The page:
New gains for transgender rights

The Task Force celebrates new victories this week in the area of nondiscrimination protections for transgender people.

The Howard County Council voted last night to make Howard County, Md., the third jurisdiction in Maryland to prohibit discrimination on the basis of gender identity and expression. It follows in the footsteps of Baltimore City and Montgomery County. The measure passed by a 4-1 vote. Howard County Executive Ken Ullman is expected to sign the ordinance, which will go into effect 61 days after it is signed.

The measure bans discrimination against transgender and gender nonconforming people in the areas of housing, employment, law enforcement practices, public accommodations, credit, health and social services. The Task Force joined several other national and local organizations last month to provide testimony in support of the ordinance, citing statistics from its groundbreaking report released earlier this year, Injustice at Every Turn: A Report of the National Transgender Discrimination Survey.

With the passage of this ordinance, one-third of Maryland’s population is now covered by gender identity and expression-inclusive legislation, setting the stage for future efforts to enact a statewide gender identity discrimination ban.

Monday also brought a win to the city of Columbia, Mo., which became the sixth local jurisdiction in Missouri to ban discrimination based on gender identity. The six-member City Council voted unanimously to include gender identity protections in the areas of employment, housing and public accommodations. Columbia joins Kansas City, St. Louis, Clayton, Olivette, and University City in prohibiting gender identity discrimination in the state.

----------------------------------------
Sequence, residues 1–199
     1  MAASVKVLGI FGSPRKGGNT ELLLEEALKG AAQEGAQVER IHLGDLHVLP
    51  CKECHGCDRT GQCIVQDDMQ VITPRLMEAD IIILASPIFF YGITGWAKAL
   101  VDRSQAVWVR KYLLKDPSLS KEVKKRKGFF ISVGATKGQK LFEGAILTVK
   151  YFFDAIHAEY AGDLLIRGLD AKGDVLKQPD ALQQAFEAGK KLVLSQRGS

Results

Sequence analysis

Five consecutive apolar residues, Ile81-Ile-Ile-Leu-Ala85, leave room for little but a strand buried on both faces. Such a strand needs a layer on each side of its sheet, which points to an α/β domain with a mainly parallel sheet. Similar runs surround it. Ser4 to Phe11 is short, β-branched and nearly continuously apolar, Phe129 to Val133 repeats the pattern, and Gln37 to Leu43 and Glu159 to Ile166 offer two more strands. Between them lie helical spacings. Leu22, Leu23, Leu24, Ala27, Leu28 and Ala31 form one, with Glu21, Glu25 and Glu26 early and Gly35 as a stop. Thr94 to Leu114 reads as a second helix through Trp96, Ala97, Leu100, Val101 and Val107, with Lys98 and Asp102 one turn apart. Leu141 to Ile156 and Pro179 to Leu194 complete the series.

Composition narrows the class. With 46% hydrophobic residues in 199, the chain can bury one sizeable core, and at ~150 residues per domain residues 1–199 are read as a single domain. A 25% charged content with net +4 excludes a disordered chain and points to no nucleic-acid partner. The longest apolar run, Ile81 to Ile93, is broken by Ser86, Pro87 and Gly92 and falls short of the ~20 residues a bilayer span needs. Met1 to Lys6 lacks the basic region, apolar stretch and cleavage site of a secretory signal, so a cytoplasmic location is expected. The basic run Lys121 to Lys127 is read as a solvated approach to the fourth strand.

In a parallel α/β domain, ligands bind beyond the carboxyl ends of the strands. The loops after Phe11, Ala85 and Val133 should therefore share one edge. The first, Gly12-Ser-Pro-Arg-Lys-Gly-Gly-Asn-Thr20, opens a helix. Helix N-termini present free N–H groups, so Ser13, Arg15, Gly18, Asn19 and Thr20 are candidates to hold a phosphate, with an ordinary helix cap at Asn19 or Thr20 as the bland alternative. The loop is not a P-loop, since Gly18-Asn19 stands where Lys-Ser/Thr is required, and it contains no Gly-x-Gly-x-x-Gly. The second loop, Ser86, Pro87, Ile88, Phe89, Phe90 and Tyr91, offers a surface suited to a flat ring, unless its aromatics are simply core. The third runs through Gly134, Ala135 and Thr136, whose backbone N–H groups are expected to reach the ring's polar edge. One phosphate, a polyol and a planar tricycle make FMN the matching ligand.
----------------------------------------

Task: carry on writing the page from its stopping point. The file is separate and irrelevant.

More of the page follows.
Today, meanwhile, it was announced that the Eleventh Circuit Court of Appeals in Atlanta, Ga., unanimously upheld a lower court opinion holding that the Georgia General Assembly illegally discriminated against Vandy Beth Glenn, a transgender woman.

Vandy Beth was fired from a job she held for two years after informing her supervisor that she planned to transition from male to female. The supervisor responsible for Vandy Beth’s termination admitted in court documents that her transition at least partly led to her termination. Lambda Legal filed the case in 2008, claiming that her termination violated the Constitution’s Equal Protection guarantee because it treated her differently due to her nonconformity with sex stereotypes and her medical condition. The court sided with Vandy Beth, stating, “All persons, whether transgender or not, are protected from discrimination on the basis of gender stereotype.”

This holding is very important in the area of employment discrimination, but also highlights the need to pass the Employment Non-Discrimination Act, creating a federal prohibition of gender identity discrimination in employment throughout the country.